this poem is rededicated to the protesters in Jobstown, Sligo and elsewhere
On this day of tear-gas in Seoul
and windows broken at Dickins & Jones,
I can’t help wondering why a history
of those, who made their point politely
and then went home, has never been written.
Those who, in the heat of the moment,
never dislodged a policeman’s helmet,
never blocked the traffic or held the country to ransom.
Someone should ask them: “Was it all worth it?”
All those proud men and women, who never
had the National Guard sent in against them;
who left everything exactly as they found it,
without adding as much as a scratch to the paintwork;
who no-one bothered asking: “Are you or have you ever been?”,
because we all knew damn well they never ever were.
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Let’s recap. The Government has been forced to:
- Stop Irish Water’s access to PPS numbers
- Provide certainty to household payments
- Reverse the sanction of reducing water flow to a trickle for non-payers
- Provide new statutory guarantees to keep water service under public control
- Scrap the system of social protection subsidies and tax breaks which would still leave hundreds of thousands of people in work without financial support
- Delay the introduction of bills
- Increase the cap from nine months to at least four years
- Make the roll-out of water meters redundant in the medium-term
- Introduce new governance measures (probably when the Evira/Irish Water boards are reviewed in a few months’ time)
The Government has u-turned so much it doesn’t know which direction it is going (if there are other u-turns and cul-de-sacs please let me know).
And now the Government looks to u-turn itself back into re-introducing the household charge – that pathetic, fiscally useless, regressive tax.
It appears the Government will introduce a two-tier charge on all households connected to the public mains (approximately 80 percent of all households). A charge for a one-person household will be capped at €176 per year; for a household with two or more adults will be capped at €276 per year. All households can avail of a Department of Social Protection rebate of €100.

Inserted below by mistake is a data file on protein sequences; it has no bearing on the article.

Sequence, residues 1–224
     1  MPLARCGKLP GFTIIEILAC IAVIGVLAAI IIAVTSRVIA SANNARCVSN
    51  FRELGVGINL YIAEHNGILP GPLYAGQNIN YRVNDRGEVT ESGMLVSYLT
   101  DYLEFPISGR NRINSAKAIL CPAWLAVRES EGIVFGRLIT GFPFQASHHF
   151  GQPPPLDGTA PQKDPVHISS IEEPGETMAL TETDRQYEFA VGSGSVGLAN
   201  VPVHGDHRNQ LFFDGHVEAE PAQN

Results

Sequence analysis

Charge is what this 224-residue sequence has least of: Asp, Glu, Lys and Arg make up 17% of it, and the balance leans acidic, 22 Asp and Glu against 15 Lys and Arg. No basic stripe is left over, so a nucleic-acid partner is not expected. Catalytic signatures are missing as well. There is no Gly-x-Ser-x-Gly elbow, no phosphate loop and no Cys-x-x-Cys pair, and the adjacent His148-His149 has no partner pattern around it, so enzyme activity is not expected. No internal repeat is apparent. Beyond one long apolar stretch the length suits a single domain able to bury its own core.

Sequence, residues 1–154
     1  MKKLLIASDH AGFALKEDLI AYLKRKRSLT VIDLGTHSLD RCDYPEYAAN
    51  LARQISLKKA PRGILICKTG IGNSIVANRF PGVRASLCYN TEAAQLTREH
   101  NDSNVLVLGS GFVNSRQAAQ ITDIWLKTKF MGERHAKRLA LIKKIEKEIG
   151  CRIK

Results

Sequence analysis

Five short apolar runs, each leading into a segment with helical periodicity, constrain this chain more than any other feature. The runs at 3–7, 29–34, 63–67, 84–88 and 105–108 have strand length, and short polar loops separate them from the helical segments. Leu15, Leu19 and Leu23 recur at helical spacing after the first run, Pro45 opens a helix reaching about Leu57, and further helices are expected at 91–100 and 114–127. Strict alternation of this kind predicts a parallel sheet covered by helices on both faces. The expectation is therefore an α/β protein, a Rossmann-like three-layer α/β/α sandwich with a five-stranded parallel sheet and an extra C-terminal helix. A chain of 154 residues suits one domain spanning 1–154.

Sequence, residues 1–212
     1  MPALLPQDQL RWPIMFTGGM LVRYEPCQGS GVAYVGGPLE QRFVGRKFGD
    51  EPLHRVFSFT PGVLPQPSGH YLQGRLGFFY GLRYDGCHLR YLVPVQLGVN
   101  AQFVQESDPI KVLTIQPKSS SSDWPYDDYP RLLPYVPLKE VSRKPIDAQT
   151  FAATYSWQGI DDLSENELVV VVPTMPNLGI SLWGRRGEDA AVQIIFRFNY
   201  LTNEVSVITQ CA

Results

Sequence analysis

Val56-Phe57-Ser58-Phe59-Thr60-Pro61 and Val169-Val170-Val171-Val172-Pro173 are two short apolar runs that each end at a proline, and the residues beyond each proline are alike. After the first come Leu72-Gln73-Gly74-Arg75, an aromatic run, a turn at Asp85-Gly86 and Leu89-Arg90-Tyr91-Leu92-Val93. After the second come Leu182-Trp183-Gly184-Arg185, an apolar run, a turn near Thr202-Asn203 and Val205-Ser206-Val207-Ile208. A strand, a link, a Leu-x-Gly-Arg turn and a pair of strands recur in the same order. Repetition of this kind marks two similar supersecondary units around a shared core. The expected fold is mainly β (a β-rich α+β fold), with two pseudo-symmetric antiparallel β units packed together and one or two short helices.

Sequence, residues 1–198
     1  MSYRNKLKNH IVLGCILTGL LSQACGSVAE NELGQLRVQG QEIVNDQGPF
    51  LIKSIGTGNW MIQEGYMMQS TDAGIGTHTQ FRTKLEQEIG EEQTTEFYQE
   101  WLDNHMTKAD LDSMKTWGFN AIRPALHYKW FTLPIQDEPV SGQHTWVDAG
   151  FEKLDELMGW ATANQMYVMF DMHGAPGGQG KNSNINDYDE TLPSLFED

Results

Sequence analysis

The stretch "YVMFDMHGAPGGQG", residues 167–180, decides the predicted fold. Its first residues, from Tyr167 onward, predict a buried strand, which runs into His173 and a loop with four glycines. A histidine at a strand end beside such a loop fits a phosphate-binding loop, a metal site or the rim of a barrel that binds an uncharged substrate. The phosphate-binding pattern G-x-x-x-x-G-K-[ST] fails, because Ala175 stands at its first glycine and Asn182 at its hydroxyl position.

Let’s be clear about this: this is a household charge (or a home tax if your will – since it won’t be confined to property-owners; it will apply to tenants as well). This is no different to the household charge except that the charge is higher and differentiated by the number of adults in the household.
This has nothing to do with water, except that you just happen to use water. The water allowances will remain in place. But for all practical purposes the cap will be the effective charge.
The goal of conservation has been undermined. A household that conserves water will be, for all practical purposes, charged the same as a household that leaves their en-suite Jacuzzi on all night. Theoretically, one could reduce their charge through conservation – but any reduction would amount to only a few cents per week, such is the impact of the cap. The incentive is small to the point of near non-existent. And this looks likely to remain in place until at least 2018 and maybe longer.
It is worth noting that the cap will act like a flat or fixed charge. Prior to the local election the Labour Party made much play of the fact that they stopped the imposition of a fixed charge for water. Now the Government has u-turned itself into just that – a fixed charge.
And the flat or fixed charge will be regressive. We can see the trajectory of the cap as it impacts on household income. This uses the data from the Household Budget Survey 2010. The magnitude might be slightly different today but the distributional impact will be pretty much the same.
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